Leon the tourguide

Leon the tourguide
Leon the Tour Guide

Saturday, January 25, 2014

Ma's Kitchen

In my Mother’s Kitchen

Getting up in the morning was my favorite activity of the day. The white cushion and cozy blankets couldn’t hold me back from rushing to meet the new day. I had spent enough time lying there after waking, gazing through my bedroom window at my beloved plum tree in our garden and listening, through the partly drawn, curtains to the rustling leaves of the giant eucalyptus trees in the park across the road, thinking how pleasantly I could spend my day.

Society had other plans; it was time to get up and get ready for school. Without further reverie I jumped out of bed, ran to the bathroom to get ready for the great occasion that started my school day, the morning assembly, my socks pulled up, tie straight and hair combed.

I was nearly at the door when my mother called me back:

 “Leon!!!! Where do you think you’re off to? sit right down there at that kitchen table and finish your breakfast Leon. You don’t go anywhere without finishing your breakfast. It’s on the table in the kitchen and I’m not going to throw it down the drain.”

Sometimes I still had undone homework and my dog was going to try and follow me to school and I’d have to coax him back home. These were time consuming events that I hadn’t taken into account when I started thinking about the pleasant day ahead. I walked, on the pavement, my ma called it “dawdling”, along the fence that enclosed the school soccer field, a little too high with sharp spikes for me to risk climbing it to get to a short cut through the soccer field.

I had a fetish of running my fingers over each and every spiked stave of the fence until I reach the school entrance. Then I had to put my school bag in my class and only then enter the assembly. So I was late quite often. Of all the terrible crimes a pupil could perpetrate, at Krugersdorp Town School this was the most serious. Punishment involved a wack or two on the tail by Mr. Kirchmann, the principal.

One could say that my life was lived in a feeling of constant anxiety of being late. To my great annoyance, to this day I am thought of as a person who comes late. Personally I believe that this is a libel. I’m not that kind of person, neither am I any of the other things people accuse me of being: a dreamer, a dawdler, a time waster or a spendthrift. Somehow people, even people I have just met, somehow adopt these opinions of me as if they were personally in my mother’s kitchen, where ma used to attach these appellations to me. They just stuck to me as if she had put a sign around my neck, impossible to remove for the rest of my life.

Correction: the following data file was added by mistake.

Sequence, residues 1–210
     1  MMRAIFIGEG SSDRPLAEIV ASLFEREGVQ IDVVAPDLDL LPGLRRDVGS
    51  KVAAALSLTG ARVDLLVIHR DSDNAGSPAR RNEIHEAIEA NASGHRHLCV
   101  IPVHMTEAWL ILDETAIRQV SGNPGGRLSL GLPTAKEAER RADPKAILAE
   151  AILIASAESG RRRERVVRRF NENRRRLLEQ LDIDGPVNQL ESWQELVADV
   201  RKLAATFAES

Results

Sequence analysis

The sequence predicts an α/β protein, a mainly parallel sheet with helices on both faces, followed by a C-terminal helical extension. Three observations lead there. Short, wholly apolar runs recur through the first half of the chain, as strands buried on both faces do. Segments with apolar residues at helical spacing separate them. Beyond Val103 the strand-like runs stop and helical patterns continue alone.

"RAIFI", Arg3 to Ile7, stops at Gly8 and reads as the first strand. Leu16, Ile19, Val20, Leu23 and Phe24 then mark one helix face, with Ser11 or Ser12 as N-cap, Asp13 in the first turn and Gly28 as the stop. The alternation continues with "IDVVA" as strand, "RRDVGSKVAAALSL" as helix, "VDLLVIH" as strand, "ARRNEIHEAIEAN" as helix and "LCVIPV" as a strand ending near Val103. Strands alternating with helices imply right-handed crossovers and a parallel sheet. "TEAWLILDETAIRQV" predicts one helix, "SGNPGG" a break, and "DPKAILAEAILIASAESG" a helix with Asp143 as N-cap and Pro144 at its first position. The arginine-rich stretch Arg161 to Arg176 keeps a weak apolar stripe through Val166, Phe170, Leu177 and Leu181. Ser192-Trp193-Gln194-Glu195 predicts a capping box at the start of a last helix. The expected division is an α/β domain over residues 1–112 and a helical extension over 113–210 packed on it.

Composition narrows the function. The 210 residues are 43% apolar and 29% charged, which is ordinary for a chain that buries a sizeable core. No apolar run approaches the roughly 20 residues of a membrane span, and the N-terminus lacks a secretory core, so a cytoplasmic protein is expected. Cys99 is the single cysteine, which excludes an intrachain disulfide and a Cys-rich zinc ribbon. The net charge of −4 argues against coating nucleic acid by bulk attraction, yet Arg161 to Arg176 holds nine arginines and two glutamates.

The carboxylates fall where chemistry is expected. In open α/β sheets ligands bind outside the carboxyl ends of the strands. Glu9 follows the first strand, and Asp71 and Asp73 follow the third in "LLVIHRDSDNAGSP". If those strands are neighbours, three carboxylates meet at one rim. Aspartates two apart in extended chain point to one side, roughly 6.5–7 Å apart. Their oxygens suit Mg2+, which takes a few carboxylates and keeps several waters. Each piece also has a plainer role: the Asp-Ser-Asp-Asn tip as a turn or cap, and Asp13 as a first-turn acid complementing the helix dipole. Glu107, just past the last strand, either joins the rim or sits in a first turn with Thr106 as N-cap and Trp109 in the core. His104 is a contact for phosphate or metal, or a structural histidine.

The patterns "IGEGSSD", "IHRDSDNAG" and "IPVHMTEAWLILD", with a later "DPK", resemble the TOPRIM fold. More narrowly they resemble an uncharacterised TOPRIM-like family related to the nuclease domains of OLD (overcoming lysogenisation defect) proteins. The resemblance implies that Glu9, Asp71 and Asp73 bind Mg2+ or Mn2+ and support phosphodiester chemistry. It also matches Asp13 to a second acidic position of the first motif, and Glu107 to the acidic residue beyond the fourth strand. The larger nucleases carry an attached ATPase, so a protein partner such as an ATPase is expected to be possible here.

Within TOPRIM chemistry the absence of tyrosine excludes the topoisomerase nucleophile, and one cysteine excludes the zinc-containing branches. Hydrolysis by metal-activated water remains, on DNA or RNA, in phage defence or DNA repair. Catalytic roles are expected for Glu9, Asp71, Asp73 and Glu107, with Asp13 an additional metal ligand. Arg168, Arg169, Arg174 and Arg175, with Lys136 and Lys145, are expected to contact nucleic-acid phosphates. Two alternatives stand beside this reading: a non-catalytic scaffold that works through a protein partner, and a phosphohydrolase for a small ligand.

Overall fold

Breakfast and ma’s kitchen complicated my life. I could have been on time for school had it not been for that. Today I realize that ma loved me and just wanted to see me at least once a day, because I was always disappearing, usually with the dog, the cat or the chickens or whatever sideline amusement was available to a child constantly on the lookout for pleasure and adventure.

You can add another appellation, “moaner”, because I was always moaning that it wasn’t fair that I had to comply with all ma’s demands; I always moaned in a long drawn out voice : “oh Maaa”. Life could have been smooth and cool. My opinion was that my mother was complicating a life that could have been lived simply without the drama caused by her insistence, every day, on eating breakfast, lunch and supper.

She was “one helluva cook”, using my brother Raymond’s rather crude but suitable expression. I always had the feeling that Raymond only said this out of politeness but I really did like my mother’s cooking. He still is a polite person. Not like me; I never thought of politeness or diplomacy, I said what I thought. Ma accused me of not thinking before I spoke. But I appreciated her superhuman efforts to prepare food for the family every day, three times a day. I adored her, even though I didn’t put it into words. I grew up thinking wrongly that those direct complements shouldn’t be said. It’s different with my kids now. I never stop telling them how wonderful they are and I mean it, I’m not just being polite or kind.